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    anyone out there ever had a script with them?

    if so, how long did it take to get a response... any kind of response?

    meaning, did they respond even in case of a "pass" or did they wait for you to call?

    thanks guys and gals.

  • #2
    congratulations, buddy... I wish I could give you some insight (or at least be able to say that I have the same problem)...


    • #3

      let's hope it's a blessing rather than a problem...


      • #4
        follow up

        Depending on how much heat you have with your script, wait a minimum of two weekends before checking back with them, and more likely, a month. Then call back to see if they've had a chance to read it.

        You may or may not receive a "pass" from them. That's the nature of the game, and happens with smaller agencies, as well. So calling to check may be the only way you'll find out.

        However, I once waited over three months on an ICM read, yet when the agent finally read the script and called, he was extremely apologetic for having taken so long, was extremely enthusiastic about the script, and was wanting to show it in-house to see if he could get any support for taking me on.

        So, even though waiting is crazy-making, don't get impatient and blow anybody off. I believe I had checked back a few times and then stopped calling, but I never got angry on the phone or told them to forget it. I simply decided nobody was ever going to read it, and moved on about my business. So I was very surprised to get that call when it finally came, but it was worth the wait.


        • #5

          Whether it be a producer or agent (large or small), the best thing to do is submit -- then move on and not worry about it.
          Keep submitting and writing. If they really like it, they'll call you. If not, chances are you'll never hear back. I've never heard of a writer calling to find out about the status of a screenplay and the producer or agent saying, "Damn, I was just going to call you...we love it and want to do it!"

          Also, calling them to see if they've read it rarely results in speeding up the process at their end. They've got priorities and unsolicited scripts are not high on the list.


          • #6
            I have submitted to CAA, ICM, WMA and UTA. CAA passed, but requested more material to read, as did ICM. One particular agent at ICM liked my sample, but represents Life Rights and asked for some "true story" kind of material. WMA responded in one week with a call and requested to view a short film I made, as well as UTA (which came as a referral).

            So, don't be distracted by those that say the biggies won't listen to you, because they will . . . if it's worth it I suppose.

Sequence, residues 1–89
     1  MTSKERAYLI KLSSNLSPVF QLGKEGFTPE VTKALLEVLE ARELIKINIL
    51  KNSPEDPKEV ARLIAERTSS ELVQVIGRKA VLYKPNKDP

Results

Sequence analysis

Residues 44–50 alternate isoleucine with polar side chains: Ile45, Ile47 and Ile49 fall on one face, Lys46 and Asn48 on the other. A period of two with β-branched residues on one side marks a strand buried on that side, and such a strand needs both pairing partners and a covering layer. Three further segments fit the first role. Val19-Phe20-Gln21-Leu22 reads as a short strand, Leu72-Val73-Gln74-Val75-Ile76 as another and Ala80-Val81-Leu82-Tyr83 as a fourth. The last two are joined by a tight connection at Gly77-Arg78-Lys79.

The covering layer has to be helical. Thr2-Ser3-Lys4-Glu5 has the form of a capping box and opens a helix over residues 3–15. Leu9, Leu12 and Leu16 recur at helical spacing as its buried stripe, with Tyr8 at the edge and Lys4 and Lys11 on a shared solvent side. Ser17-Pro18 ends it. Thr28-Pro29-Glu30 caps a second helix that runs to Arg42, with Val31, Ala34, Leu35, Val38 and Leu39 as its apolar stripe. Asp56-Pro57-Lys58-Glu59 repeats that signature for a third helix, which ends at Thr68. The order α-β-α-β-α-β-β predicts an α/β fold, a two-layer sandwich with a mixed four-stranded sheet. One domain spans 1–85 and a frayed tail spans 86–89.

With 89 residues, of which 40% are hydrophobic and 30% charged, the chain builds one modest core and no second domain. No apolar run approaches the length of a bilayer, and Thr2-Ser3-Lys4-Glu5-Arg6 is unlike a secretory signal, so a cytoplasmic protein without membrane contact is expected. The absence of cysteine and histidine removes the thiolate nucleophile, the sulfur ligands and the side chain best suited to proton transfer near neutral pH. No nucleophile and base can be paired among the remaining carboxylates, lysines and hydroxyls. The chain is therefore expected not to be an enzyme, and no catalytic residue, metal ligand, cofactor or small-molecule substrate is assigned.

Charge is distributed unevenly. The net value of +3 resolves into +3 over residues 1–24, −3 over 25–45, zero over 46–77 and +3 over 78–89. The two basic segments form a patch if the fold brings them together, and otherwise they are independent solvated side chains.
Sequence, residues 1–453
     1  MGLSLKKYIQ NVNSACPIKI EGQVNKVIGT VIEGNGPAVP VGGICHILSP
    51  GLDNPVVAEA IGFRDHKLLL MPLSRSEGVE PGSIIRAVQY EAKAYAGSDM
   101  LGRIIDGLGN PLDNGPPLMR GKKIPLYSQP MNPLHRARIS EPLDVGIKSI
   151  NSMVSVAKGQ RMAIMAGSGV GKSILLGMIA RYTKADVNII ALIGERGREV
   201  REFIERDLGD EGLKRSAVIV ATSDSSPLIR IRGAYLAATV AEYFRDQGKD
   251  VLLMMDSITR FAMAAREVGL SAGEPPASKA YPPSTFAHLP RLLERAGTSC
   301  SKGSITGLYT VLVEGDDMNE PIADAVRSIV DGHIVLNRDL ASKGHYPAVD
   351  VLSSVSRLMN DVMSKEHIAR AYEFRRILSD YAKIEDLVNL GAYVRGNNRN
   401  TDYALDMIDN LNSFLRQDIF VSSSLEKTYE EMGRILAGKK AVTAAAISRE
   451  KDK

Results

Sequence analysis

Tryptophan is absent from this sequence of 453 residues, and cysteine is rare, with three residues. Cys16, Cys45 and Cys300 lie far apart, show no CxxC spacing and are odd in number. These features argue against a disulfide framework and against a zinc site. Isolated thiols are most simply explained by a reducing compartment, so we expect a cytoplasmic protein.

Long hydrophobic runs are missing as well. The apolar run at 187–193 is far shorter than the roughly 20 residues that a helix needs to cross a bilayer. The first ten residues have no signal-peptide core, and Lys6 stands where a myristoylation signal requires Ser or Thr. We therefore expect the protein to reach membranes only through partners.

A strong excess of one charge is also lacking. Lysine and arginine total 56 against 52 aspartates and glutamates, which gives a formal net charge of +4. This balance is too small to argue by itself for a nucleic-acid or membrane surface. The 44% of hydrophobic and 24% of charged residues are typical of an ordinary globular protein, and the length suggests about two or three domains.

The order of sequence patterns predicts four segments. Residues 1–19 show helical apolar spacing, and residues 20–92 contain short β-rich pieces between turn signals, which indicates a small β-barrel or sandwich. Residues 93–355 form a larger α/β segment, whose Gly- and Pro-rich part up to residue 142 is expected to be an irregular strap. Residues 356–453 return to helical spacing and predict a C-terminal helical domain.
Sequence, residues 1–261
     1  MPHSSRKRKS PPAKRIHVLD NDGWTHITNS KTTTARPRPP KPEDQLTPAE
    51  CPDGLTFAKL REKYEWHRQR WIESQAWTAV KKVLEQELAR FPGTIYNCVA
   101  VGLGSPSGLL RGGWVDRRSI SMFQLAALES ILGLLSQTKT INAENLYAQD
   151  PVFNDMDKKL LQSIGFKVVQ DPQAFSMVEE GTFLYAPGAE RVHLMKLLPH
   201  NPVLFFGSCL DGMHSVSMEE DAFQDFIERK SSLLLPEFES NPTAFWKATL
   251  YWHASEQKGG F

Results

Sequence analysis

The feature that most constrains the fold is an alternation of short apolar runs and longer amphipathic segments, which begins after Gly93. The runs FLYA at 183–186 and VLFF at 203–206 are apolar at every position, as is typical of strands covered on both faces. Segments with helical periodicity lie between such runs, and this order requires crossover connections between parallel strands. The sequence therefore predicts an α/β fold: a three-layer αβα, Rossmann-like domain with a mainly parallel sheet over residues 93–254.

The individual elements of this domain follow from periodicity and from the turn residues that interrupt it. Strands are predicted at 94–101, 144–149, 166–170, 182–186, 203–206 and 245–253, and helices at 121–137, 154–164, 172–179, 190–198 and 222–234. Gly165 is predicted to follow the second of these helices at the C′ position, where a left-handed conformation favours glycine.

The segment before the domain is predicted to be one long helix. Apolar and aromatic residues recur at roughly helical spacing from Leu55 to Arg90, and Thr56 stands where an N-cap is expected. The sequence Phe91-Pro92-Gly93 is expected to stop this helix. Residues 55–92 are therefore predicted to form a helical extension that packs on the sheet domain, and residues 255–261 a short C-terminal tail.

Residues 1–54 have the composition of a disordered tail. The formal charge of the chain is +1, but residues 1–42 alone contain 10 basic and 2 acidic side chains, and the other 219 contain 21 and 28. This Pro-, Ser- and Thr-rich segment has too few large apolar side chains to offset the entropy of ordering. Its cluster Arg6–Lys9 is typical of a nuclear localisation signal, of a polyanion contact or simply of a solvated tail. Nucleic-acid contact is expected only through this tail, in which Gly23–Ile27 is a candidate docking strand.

• #7
              You should indeed call in any case, and a month sounds about right. The reason for calling is to make any kind of connection you can with either the agent or the assistant, so they'll be inclined to read other stuff you've got. If you just move on after submitting you've gained nothing.


              • #8
                great point

                Muckracker makes a great point. Even though it's rare, sometimes the connections you make with assistants do pay off. You can't force a connection if it's not there, but sometimes you will simpy "click" with an assistant on the phone, and they do move up or around. That's how networking builds.

                Also, sometimes assistants are readers, as well. Even if the Big Agency doesn't want you, if the assistant connects with your work, it could eventually lead to something down the road.


                • #9
                  thanks guys for your replies.

                  seems everybody at least heard back from them. might mean I'm still in the run. who knows...? "the submit and move on" is good advice, but the fact is it lingers in the back of your head: did they read it, did they like it, why didn't they call/write? it's just the way it is, not just for us...

                  click below and listen to stephen gaghan, talk about his experience after he send "traffic" over to steven soderbergh and didn't hear from him for a couple of days...


                  I guess, at the risk of sounding corny, it just shows that we are passionate about our stories...


                  • #10
                    Endeavor took a month
                    WMA took three months
                    ICM never responded.

                    needless to say i'm still unrepped.


                    • #11

                      were they open to look at some of your other scripts or did they just fire off a form letter: "put your hands up and step away from that keyboard"?


                      • #12
                        i wrote a short script where I parody a partner at one of these firms on the show BLIND DATE. I sent it to someone who sent it to someone who sent it to someone. From that, they requested a meeting.

                        We talked about Korean BBQs and I asked for a freebie. They gave me a cap.


                        • #13
                          How did you get internet access in Austin, Blue? Shouldn't you be playing doubles with Shane right now?


                          • #14

                            Hillbilly, That is completly disgusting. Glad I waited to have that meatloaf!


                            • #15
                              That's awful, I don't even know what the hell it is.